ONE hot summer’s day, a Grasshopper sat under a shady tree and sang loudly, much to the annoyance of some Ants who were carrying food to their home in preparation for the impending winter.
Several weeks later, the Grasshopper realised that the cold season was approaching, for the ground was barren.
The hungry sluggard decided to ask the Ants for food. When he reached the formicary, he knocked weakly on the door.
An Ant opened the door. “Why, it’s you, Grasshopper,” she said. “I thought you had kicked the bucket.”
“Please give me something to eat,” the teary orthopterous creature said. “I want to make old bones.”
“While we were breaking our backsstoring food for the next few months, you were singing,” the Ant said, laughing mockingly. “And now you expect us to feed you. Can you beat that!”
The Ants held a council to debate the Grasshopper’s plea. They eventually decided, by a show of antennae, to invite the Grasshopper to share their food, but he had to do their household chores for three consecutive days.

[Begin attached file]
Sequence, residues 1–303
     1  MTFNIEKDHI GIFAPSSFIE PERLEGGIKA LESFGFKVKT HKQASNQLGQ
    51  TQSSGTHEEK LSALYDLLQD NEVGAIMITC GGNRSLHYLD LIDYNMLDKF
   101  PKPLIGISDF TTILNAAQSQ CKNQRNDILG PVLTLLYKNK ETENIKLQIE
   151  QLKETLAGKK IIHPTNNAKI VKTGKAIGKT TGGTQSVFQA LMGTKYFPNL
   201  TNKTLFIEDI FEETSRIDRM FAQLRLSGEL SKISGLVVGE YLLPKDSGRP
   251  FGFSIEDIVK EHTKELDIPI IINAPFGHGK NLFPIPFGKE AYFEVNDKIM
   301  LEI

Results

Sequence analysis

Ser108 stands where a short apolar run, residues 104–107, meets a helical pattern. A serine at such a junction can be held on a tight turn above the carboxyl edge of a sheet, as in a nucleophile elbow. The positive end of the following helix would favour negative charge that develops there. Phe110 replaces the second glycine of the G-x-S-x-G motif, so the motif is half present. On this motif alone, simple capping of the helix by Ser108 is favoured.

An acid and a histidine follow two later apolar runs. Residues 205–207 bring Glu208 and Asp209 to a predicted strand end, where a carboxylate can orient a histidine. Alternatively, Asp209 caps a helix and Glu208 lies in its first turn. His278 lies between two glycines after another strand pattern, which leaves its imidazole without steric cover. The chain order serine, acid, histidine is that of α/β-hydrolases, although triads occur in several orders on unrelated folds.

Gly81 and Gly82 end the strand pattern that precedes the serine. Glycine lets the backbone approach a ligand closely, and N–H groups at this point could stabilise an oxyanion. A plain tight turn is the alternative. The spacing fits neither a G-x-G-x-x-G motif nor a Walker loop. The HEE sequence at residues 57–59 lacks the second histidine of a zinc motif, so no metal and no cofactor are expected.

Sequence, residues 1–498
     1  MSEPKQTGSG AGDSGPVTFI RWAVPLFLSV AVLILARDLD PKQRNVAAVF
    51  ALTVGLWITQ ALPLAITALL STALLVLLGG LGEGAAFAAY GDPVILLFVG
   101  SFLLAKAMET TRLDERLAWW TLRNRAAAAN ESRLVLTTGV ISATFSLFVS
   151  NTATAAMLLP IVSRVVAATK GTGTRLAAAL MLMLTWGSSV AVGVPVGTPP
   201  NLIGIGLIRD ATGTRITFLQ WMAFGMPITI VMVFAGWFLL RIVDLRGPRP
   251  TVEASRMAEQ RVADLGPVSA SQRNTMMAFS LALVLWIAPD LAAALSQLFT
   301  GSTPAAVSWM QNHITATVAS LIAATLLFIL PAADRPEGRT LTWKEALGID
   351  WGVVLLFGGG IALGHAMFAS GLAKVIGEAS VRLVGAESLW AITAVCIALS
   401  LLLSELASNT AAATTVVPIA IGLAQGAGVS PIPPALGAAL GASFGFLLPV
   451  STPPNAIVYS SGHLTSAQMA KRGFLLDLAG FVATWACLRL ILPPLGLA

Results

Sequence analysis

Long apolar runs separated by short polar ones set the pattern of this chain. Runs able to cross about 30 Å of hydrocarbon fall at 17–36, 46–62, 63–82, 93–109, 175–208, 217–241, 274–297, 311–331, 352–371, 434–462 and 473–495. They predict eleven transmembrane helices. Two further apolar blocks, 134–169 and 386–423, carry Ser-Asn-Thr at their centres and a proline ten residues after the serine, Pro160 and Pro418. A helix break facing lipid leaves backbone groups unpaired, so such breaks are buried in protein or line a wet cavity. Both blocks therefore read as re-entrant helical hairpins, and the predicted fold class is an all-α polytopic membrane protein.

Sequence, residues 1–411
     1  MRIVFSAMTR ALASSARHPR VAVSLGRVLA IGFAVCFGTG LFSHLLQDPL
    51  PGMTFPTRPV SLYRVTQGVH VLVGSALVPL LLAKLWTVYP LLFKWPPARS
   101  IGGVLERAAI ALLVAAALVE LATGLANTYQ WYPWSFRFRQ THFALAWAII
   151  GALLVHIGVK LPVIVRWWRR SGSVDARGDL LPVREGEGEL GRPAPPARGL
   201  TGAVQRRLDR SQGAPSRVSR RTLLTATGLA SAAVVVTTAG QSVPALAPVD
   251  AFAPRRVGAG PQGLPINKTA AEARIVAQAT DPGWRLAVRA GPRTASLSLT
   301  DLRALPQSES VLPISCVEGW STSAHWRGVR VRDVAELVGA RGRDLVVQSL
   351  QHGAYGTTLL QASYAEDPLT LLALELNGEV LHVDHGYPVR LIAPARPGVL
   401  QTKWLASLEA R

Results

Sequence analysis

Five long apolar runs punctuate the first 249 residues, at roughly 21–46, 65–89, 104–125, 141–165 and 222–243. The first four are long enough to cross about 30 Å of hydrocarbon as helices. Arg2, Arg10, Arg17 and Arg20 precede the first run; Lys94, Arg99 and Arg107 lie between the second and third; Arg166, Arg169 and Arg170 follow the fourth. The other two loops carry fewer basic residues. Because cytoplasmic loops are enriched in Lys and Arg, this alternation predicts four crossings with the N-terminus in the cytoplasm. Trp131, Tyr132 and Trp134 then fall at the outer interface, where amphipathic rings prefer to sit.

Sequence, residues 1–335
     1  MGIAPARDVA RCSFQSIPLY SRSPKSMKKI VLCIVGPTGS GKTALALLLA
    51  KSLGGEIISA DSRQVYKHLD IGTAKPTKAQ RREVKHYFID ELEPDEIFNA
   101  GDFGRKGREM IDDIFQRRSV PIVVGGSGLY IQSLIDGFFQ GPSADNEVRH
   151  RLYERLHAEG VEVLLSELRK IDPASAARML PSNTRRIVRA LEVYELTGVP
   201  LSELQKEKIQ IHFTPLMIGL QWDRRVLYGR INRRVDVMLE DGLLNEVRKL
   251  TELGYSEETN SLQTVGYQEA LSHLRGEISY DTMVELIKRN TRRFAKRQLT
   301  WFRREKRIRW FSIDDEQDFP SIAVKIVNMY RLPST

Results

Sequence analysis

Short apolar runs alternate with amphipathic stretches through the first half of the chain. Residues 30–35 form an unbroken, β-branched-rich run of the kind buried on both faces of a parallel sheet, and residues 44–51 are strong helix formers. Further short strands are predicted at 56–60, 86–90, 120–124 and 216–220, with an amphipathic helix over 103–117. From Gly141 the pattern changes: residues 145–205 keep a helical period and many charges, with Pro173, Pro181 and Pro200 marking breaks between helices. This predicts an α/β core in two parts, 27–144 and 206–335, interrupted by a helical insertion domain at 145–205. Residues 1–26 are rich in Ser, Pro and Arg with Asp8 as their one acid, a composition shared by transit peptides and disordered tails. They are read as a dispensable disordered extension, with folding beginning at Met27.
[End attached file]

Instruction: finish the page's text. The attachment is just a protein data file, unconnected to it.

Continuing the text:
The Grasshopper ate like a horse. “Thanks a lot,” he said to his benefactors. “It is very big of you to satisfy my hunger. I’m going to take a leaf out of your bookand become an industrious insect.”
(Adapted from a fable by Aesop)
Kick the bucket: To die.
Make old bones: To live to be old.
Break one’s back: To work very hard.
Can you beat that/it!: Have you seen/heard anything as astonishing or ridiculous as that!
Eat like a horse: To eat a lot (either habitually or on a specific occasion).
Be big of someone: To be kind or generous of someone.
Take a leaf out of someone’s book: To imitate someone else’s way of doing a certain thing because he was successful when he did it.